Thursday, May 8, 2008

"PLCB Bashing"

That was the subject line of the following e-mail I just received from a PLCB employee.

The PLCB has provided me with one of the few decent paying jobs in the area for 8 years now. I love my job, I take it very seriously. As far as your comment about the stores not carrying expensive scotch... Store 3516 in Clarks Summit where I work carries Johnny Walker Blue Label and several other scotch whiskies well over the $130.00 mark you stated. Some that are $300.00 I believe.

I'm sick of people like you badmouthing the PLCB. I don't like a lot of their policies either, but think of the families like mine who are very thankful to have a decent paying job so they can put food on the table. Our area is a dead zone for jobs, with more and more companies looking to move work overseas or hire illegal Mexicans at $4.00 per hour. Those are the problems we should be focused on as Pennsylvanians and Americans, not saving a few dollars on alcohol.

My response:

First, the information on high-priced whiskies at State Stores is from the PLCB's website. The Macallan 18 was the highest-priced single malt Scotch whisky carried as a regular item; I missed the higher-priced Johnnie Walker Blue in the blends. My mistake; I apologize for that, and I've corrected it in the post with thanks to you -- unnamed, as I'm not clear what your name is. But according to that site, the Blue is the highest-priced regularly stocked Scotch whisky, at $199.99; there are no other regularly stocked Scotch whiskies between that price and the Macallan 18's.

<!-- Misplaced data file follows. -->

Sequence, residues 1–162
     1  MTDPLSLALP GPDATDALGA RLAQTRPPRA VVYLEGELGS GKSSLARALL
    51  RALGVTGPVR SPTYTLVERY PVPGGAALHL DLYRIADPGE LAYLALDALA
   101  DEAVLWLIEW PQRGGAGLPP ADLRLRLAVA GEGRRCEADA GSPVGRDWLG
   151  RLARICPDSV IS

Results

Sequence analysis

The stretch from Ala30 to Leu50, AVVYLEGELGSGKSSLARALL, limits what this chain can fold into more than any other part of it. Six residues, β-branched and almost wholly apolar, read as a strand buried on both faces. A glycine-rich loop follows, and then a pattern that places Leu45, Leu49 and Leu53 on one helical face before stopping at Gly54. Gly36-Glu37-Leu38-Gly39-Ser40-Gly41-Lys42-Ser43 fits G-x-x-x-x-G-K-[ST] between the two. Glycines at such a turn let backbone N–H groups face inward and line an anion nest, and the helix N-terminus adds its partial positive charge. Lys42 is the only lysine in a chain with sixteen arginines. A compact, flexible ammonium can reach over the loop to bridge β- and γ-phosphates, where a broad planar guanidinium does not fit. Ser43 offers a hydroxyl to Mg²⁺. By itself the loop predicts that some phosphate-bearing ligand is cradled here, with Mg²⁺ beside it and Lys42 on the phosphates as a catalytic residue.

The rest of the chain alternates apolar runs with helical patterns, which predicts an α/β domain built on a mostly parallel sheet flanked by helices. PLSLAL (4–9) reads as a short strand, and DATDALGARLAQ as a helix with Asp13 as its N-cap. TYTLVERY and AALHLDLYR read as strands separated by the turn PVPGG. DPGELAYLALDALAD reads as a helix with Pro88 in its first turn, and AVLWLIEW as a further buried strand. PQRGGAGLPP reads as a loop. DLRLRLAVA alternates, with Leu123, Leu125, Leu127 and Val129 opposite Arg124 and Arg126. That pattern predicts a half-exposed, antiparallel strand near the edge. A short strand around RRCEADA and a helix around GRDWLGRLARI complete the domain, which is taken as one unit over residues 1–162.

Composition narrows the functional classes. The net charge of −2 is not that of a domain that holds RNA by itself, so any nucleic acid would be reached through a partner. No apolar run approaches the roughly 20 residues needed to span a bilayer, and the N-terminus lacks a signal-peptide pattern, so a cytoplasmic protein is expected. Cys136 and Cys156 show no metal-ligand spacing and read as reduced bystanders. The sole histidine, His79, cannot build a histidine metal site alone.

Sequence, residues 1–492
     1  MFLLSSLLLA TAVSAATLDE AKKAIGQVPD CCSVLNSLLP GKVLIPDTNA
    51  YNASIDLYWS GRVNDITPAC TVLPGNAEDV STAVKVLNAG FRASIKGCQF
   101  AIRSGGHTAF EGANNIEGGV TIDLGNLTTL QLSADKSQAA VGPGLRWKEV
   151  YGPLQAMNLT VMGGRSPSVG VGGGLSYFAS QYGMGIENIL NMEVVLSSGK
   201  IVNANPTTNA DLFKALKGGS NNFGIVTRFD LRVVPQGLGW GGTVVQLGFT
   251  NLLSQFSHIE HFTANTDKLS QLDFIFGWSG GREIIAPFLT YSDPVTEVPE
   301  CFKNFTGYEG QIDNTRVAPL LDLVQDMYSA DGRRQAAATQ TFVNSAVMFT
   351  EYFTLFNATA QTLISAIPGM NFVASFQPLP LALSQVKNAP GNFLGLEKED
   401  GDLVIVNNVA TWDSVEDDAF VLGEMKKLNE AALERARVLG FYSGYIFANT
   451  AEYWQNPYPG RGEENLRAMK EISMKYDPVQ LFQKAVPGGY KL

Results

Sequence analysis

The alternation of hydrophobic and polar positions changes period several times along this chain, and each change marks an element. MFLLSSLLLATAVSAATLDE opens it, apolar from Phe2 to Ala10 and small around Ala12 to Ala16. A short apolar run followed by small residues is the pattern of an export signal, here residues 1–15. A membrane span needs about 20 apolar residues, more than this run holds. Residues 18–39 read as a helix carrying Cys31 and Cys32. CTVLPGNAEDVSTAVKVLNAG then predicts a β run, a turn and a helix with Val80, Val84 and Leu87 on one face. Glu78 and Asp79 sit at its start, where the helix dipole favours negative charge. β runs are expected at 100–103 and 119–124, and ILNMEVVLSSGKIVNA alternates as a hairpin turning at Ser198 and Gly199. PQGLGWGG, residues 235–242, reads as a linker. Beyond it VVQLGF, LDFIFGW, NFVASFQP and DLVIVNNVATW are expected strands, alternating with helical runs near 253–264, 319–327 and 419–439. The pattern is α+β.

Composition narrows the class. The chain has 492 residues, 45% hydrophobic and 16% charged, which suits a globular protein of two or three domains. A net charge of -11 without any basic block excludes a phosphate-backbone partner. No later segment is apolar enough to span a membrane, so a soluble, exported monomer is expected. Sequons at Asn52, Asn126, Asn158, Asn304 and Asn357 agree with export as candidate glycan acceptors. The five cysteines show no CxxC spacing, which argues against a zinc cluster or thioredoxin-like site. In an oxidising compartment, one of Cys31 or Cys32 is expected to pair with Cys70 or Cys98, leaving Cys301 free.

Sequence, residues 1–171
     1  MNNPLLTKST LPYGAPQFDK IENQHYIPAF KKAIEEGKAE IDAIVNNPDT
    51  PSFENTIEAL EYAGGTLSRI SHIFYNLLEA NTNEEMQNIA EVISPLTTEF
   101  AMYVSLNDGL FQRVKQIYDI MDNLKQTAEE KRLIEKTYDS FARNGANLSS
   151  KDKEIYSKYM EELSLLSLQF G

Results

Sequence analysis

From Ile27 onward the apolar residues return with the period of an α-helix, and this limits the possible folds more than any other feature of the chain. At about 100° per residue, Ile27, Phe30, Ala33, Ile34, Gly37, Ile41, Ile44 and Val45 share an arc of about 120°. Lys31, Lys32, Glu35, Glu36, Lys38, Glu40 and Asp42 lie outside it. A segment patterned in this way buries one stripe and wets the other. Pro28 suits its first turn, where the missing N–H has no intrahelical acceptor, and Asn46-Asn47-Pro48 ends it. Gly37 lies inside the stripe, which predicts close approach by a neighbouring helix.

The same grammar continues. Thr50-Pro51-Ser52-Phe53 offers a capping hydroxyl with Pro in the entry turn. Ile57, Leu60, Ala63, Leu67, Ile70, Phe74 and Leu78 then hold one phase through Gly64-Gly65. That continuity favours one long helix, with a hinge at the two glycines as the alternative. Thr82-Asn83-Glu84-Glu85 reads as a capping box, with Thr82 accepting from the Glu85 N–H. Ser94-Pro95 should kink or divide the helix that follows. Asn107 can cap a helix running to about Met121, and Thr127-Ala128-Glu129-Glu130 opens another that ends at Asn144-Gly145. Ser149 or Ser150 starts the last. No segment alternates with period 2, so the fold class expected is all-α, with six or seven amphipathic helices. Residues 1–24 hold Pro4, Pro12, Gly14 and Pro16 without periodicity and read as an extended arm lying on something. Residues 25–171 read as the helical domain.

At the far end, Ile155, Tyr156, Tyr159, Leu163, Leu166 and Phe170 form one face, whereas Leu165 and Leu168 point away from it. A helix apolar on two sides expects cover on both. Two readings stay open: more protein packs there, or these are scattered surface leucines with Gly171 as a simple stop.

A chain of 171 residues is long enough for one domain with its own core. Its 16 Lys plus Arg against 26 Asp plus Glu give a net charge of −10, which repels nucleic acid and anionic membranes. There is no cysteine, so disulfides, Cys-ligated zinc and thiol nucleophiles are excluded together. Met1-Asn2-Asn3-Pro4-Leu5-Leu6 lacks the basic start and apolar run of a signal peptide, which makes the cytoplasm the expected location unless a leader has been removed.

As for your job, and "bashing" and "badmouthing," and illegal Mexicans... I did say in a comment on the blog, "The hardest part about writing this, getting people to see the problems with the PLCB, is thinking about the effect it could have on people's livelihoods if I were somehow successful." It was something I thought about a lot before starting the blog. I realize that's not much comfort to you, but it is an issue for me. I'll be addressing it in the future.

Are you concerned that you couldn't find a job in a private liquor store if the PLCB system was put out to pasture, or open one yourself? I assume you've got experience. One of the possibilities for solving the problem of putting so many people out of work is using the proceeds from selling the inventory and other assets of the PLCB to offer low/no interest loans to current employees to set themselves up in business. Not as safe a job as your current one, perhaps, but you wouldn't be saddled with the PLCB policies you say you don't like, either. But the PLCB is not a jobs program, and it shouldn't be.

I'm not "bashing" it or "badmouthing" the PLCB, simple-mindedly ranting and raving. I'm presenting reasons why our current system is not ideal, or even a good idea. Take out the PLCB employees and the anti-alcohol forces, and I doubt you could summon 10% support for the PLCB among Pennsylvania citizens.